Risking prosecution, Nick Xenophon boycotts census name requirement

Fergus Hunter
August 8 2016
Censeless Form

Senate powerbroker Nick Xenophon has declared he will refuse to provide his name on the 2016 census form this week amid privacy concerns and criticisms of recent changes made to the nationwide survey.

As well as volunteering himself as a legal test case, the South Australian senator – now with two party colleagues in the upper house and one in the House of Representatives – foreshadowed amendments to the relevant legislation.

This year, as well as being completed online, the census will retain people’s names and addresses for four years rather than 18 months.

Senator Xenophon has joined a chorus of critical voices, including a former head of the Australian Bureau of Statistics, condemning the “unnecessary intrusion” and violation of the “inherent human right” to privacy.

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“It seems the ABS, with the support of the Australian government, is about to trash that human right. And the way they’ve done so has been completely undignified and disrespectful to all Australians,” he said.

“I think the government and the Bureau of Statistics can simply say we won’t require names be mandatory. It will be voluntary, it won’t be a matter for coercion.”

The ABS has defended this year’s census, insisting names are critical to ensuring accuracy and that there are “extremely robust safeguards in place to protect the privacy and confidentiality of the information collected”.

Senator Xenophon contended there is a risk that information could be misused and that the mandatory requirements could “undermine the very trust that millions of Australians have hadin the census until now”, causing them to lie on the form.

Nick Xenophon will risk prosecution as a test case by boycotting the census name requirement.
Nick Xenophon will risk prosecution as a test case by boycotting the census name requirement. Photo: David Mariuz

While not explicitly encouraging others to follow his lead – as “that in itself would be a criminal offence” – he pushed the envelope.

“I warn people of the consequences of not completing the census in that they face a potential fine that could be financially crippling. Better to have a test case.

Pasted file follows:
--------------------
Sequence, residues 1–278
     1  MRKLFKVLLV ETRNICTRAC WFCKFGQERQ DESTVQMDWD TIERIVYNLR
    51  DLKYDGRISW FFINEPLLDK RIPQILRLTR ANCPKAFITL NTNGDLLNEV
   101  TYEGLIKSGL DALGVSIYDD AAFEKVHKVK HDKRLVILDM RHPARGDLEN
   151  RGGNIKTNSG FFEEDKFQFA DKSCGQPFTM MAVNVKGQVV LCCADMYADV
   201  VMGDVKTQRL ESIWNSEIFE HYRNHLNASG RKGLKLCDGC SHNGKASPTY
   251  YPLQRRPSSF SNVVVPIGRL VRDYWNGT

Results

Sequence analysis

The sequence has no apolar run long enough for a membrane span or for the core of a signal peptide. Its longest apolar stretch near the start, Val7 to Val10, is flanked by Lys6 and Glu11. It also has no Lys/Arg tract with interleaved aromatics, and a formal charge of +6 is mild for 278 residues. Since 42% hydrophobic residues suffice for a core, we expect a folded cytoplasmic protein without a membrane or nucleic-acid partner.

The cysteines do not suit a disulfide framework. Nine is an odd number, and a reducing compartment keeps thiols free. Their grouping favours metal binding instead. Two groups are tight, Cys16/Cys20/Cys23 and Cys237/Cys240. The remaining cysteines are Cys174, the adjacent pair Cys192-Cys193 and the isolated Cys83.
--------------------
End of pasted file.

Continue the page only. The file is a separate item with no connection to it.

“But I postulate, and this is in no way encouraging people to not comply with the directions of the census, but I postulate that, if enough people didn’t provide their names, then it becomes a logistical nightmare for the ABS to prosecute all those people.”

The experienced political negotiator also said he would be seeking support from the major parties and crossbenchers for retrospective legislation to the Census and Statistics Act, removing the name requirement.

As well as former ABS chief Bill McLennan, the NSW Privacy Commissioner Elizabeth Coombs and the Australian Privacy Foundation have expressed concerns.

Posted on August 8, 2016, in ConspiracyOz Posts. Bookmark the permalink. 3 Comments.

  1. The ‘Censeless’ Form – Mick Raven


  2. I don’t blame him, who can you trust these days – Mick Raven

    On April 12, 1933, the German government announced plans to conduct a long-delayed national census.[10] The project was particularly important to the Nazis as a mechanism for the identification of Jews, Gypsies, and other ethnic groups deemed undesirable by the regime. Dehomag offered to assist the German government in its task of ethnic identification, concentrating upon the 41 million residents of Prussia.[11] This activity was not only countenanced by Thomas Watson and IBM in America, Black argues, but was actively encouraged and financially supported, with Watson himself traveling to Germany in October 1933 and the company ramping up its investment in its German subsidiary from 400,000 to 7,000,000 Reichsmark—about $1 million.[12] This injection of American capital allowed Dehomag to purchase land in Berlin and to construct IBM’s first factory in Germany, Black charges, thereby “tooling up for what it correctly saw as a massive financial relationship with the Hitler regime.”



  3. As many had predicted, the census website has been hacked. The same clowns that assured the public that the website was safe are the same clowns assuring the public that no personal information was stolen.



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